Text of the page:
Revised by Douglas Swanson, June 2022
Original author: Paul Rainsberger, JD

The goals of the union

The specific issues in any negotiations reflect the concerns of the local union involved, its membership, and the business.  There are general goals that are likely to be present in most bargaining agendas.  They are in broad categories — institutional, economic, and non-economic goals. These classifications are not rigid as many issues will overlap the broad categories. Thinking of them in this way may present a useful method for the evaluating specific bargaining goals and objectives.

Institutional goals

The status of the union as the representative of the bargaining unit is an important element in determining, maintaining, and expanding union bargaining power. Organizational security and the integrity of the union as bargaining representative are two such broad goals. In addition, adding the voice of the workers via the union in their jobs and in their interactions with management at work are important institutional goals of the union.

Specific issues that may be negotiated under the broad heading of union institutional goals include:

  • Recognition clauses
  • Union security provisions
  • The number and rights of stewards and officers on the job
  • Preferential seniority for union representatives
  • Pay for stewards and negotiators for collective bargaining activities
  • Provisions for union-related leaves of absence
  • In-plant posting of union literature
  • Provisions for union-initiated grievances
  • Limitations on management rights
  • Union participation in capital decisions of the employer
  • Contract term, expiration and renegotiation provisions
  • Preservation of bargaining unit work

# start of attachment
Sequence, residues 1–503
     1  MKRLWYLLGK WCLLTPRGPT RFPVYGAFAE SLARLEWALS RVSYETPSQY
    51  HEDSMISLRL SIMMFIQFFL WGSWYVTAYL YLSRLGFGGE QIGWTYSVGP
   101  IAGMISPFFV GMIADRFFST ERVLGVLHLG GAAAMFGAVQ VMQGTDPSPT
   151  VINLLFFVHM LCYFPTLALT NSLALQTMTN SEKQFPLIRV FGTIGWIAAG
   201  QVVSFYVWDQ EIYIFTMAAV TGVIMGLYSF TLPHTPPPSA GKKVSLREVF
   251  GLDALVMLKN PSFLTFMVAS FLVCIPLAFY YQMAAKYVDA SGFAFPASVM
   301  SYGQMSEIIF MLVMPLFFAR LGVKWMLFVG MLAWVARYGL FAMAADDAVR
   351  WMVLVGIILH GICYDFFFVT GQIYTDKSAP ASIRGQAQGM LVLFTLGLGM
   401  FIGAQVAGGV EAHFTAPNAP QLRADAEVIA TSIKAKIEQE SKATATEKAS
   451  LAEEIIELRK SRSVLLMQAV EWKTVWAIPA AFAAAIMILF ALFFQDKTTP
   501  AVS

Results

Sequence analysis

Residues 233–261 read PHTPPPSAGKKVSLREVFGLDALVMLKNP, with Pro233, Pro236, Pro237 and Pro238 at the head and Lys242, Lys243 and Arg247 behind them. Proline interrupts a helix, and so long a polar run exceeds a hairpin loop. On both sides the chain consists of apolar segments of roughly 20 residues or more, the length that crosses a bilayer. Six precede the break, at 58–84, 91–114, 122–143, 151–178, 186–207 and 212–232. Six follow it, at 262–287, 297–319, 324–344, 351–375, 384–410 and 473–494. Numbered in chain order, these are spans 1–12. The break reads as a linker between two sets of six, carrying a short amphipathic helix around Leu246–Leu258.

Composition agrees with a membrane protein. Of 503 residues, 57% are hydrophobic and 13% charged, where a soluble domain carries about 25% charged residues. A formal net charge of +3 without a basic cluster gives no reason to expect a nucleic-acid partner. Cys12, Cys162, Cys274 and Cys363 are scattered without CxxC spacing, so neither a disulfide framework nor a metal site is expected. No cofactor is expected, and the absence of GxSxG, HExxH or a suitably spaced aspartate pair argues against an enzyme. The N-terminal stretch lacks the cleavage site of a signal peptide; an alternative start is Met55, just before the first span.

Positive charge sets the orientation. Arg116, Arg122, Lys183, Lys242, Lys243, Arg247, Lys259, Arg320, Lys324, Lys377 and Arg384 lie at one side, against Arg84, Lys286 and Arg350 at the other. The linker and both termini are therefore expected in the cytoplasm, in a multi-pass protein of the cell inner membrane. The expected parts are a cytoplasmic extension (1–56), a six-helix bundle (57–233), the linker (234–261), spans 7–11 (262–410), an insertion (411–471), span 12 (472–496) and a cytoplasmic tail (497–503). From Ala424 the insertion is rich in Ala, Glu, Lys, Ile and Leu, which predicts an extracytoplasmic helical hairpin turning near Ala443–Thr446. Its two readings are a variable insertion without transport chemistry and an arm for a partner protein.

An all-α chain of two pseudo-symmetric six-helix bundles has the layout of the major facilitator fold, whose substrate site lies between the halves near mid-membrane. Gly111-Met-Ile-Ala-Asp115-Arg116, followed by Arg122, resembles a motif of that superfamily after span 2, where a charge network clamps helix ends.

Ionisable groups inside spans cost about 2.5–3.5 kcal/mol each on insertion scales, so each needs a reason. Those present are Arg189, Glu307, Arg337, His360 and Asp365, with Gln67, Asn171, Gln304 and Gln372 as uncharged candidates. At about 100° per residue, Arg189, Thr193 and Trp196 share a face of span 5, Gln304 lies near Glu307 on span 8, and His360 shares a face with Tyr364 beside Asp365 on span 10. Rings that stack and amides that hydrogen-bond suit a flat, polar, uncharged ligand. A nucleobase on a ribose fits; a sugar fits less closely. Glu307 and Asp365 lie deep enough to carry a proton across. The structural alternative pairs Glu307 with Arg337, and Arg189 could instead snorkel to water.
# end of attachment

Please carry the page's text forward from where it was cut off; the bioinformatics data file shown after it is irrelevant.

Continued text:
Economic goals

Economic security for the members of a bargaining unit represented for purposes of collective bargaining is a major category of subjects of bargaining. It is important to distinguish between economic security and job security, but both may be reflected in the actual bargaining agenda of the union. Wages and benefits are obvious examples of provisions related to the economic security of the represented workers, but there are many other issues with direct implications for the job and economic security of the membership.

Examples of bargaining subjects related to the economic goals of the union include:

  • Wages or salaries, and the method for payment of wages
  • Protection of wages from the effects of inflation
  • Premium pay for shift, overtime, emergency and related work
  • Pension eligibility and benefit levels
  • Health insurance benefits and the cost of such insurance to workers
  • Other insurance for life, accident and disability
  • Supplements to unemployment and workers' compensation benefits
  • Hours of work
  • Vacation, holidays and leave of absence eligibility
  • Compensation for time not worked.

Non-economic goals

Non-economic items may also be major issues in the bargaining goals of the union. While employers are likely to see an economic impact of virtually all proposals of the union, non-economic items are much more directly related to the conditions under which work is performed that the compensation received for that work. Examples of common non-economic issues in bargaining include:

  • Seniority provisions
  • The application of seniority for movement into and out of jobs
  • Overtime limits and equalization
  • Shift and other work preferences
  • Protection against unjust disciplinary action
  • Grievance procedures
  • Limits on the right of management to direct and control work
  • Work, production and performance standards